15/08/17 14:22 Filed in: Event Photography
By now everyone has heard about the Solar Eclipse happening August 21, 2017. Millions will be traveling across the US to rural areas, if you are, be forewarned to prepare for traffic, all hotels have been booked for weeks, restaurants will be full and safety will be a concern with so many traveling to small towns. Before I go further, I must give the redundant warning of looking directly at the sun, there are a few places that still have the special glasses but are running out quickly. If you cannot find anything, a welder's mask (yeah, I know, not many people have one) works. A simple search on line can give you other ways to view without looking directly at the sun.
I have several photographer friends who are planning on photographing it along the path of totality (where there is a total eclipse). While that path is about 65 miles wide the true precision is around a few feet (50' or less). I have found an interesting link that can show you exactly what time to expect the eclipse in your area and how much the sun will be blocked, all you do is put in your zip code: http://time.com/4882923/total-solar-eclipse-map-places-view/ The eclipse will only last under 3 minutes, so be prepared and plan. Another great source is on Canon's website.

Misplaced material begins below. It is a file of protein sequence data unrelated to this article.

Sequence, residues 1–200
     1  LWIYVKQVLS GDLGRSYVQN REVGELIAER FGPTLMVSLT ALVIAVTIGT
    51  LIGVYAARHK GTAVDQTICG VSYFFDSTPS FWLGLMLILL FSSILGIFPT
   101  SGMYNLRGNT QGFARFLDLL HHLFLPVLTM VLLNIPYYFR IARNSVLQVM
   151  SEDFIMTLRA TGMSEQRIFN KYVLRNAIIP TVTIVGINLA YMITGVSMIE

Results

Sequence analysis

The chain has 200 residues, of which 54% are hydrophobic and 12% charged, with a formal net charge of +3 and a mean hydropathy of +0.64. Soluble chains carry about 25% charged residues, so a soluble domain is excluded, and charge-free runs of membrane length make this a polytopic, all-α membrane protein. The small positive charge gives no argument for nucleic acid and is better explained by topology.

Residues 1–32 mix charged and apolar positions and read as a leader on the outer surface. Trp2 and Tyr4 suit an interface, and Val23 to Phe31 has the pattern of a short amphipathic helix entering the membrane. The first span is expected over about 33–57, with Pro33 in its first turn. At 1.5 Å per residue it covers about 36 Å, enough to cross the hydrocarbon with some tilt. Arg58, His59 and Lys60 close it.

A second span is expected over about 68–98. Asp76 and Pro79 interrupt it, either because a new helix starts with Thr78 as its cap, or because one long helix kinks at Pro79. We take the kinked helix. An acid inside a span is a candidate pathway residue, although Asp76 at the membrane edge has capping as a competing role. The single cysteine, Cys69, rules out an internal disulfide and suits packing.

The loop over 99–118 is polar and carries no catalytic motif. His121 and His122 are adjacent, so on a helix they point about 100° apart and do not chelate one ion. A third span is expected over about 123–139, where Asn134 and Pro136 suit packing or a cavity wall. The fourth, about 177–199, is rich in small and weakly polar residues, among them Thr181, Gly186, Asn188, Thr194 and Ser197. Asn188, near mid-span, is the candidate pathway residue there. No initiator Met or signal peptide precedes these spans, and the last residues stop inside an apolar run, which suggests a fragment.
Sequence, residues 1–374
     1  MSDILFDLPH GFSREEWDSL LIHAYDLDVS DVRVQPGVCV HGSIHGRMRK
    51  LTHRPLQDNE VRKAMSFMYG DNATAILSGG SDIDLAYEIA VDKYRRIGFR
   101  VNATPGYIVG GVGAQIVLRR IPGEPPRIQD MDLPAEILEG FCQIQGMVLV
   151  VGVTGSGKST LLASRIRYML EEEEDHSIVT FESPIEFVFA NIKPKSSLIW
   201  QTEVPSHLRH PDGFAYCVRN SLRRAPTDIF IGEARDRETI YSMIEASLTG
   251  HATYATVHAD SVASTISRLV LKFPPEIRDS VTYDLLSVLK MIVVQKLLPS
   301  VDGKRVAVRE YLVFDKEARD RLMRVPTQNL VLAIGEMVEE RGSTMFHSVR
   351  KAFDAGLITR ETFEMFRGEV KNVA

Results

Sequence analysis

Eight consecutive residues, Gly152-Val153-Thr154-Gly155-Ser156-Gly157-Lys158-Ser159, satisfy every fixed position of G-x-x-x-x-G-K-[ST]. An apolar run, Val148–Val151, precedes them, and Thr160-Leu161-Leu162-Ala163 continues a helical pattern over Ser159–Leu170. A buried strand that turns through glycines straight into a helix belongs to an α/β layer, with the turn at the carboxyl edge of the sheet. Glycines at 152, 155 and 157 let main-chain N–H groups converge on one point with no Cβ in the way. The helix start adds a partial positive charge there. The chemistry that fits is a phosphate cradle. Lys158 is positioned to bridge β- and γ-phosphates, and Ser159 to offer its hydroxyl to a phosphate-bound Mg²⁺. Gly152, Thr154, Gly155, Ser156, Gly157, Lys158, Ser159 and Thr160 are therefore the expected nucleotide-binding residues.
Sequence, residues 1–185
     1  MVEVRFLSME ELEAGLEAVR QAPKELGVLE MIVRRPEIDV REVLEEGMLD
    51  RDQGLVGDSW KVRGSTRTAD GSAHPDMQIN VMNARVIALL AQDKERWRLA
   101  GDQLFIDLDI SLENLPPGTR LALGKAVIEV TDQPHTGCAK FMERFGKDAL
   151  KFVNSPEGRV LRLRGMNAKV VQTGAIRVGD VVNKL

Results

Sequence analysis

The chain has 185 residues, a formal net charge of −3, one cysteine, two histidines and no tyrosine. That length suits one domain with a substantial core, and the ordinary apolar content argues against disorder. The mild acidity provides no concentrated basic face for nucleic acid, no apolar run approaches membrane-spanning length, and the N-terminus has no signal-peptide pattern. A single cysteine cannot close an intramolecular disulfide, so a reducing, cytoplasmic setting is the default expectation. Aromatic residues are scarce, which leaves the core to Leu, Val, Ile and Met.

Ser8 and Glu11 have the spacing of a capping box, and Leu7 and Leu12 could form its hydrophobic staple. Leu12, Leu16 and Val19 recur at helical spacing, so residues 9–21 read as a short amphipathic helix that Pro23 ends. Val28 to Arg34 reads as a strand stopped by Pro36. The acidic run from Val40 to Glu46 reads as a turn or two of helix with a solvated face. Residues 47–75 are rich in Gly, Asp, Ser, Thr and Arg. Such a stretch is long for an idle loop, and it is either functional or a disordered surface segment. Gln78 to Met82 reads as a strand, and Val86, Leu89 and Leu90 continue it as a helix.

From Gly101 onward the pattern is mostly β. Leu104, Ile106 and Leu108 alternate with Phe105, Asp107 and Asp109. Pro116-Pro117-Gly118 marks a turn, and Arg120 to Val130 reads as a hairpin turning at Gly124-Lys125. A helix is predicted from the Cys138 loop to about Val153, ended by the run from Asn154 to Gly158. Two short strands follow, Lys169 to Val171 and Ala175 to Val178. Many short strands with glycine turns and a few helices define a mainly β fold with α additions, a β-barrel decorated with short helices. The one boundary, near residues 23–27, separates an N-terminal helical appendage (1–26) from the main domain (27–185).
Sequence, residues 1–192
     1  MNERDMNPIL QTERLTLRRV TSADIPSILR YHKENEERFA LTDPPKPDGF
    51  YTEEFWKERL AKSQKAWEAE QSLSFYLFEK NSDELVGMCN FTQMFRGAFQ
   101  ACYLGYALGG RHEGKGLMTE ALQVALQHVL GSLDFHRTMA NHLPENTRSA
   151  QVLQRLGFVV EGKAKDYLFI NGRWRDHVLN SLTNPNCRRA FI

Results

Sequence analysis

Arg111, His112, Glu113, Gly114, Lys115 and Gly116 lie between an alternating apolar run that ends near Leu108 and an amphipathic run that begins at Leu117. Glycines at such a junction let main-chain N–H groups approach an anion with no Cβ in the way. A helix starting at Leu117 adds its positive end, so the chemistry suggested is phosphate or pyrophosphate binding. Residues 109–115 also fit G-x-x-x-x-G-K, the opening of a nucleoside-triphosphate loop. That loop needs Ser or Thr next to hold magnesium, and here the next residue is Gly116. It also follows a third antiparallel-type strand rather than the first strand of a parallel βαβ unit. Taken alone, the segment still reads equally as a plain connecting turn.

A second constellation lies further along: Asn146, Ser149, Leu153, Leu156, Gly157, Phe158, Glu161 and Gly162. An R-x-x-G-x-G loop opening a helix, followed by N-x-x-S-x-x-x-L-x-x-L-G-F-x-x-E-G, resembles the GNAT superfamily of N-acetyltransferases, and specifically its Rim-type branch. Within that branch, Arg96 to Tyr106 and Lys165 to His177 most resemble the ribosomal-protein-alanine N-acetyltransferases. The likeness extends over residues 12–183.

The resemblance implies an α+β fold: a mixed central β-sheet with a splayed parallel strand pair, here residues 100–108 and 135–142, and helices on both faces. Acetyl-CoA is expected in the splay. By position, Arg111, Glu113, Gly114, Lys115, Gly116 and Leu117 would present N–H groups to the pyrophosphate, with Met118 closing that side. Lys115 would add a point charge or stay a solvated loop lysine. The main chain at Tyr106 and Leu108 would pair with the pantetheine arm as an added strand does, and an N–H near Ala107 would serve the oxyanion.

If you don't make this one, don't worry there are more to come, sooner than we thought: https://www.greatamericaneclipse.com/future/
If you're on Instagram, follow NASA. They have daily interesting facts, information and will have great coverage on Monday. For a site full of information: https://eclipse2017.nasa.gov/
Another informative link I've found is: https://www.space.com/33797-total-solar-eclipse-2017-guide.html
For even more information there are several apps available to track, monitor and even do experiments: https://www.mnn.com/earth-matters/space/blogs/solar-eclipse-apps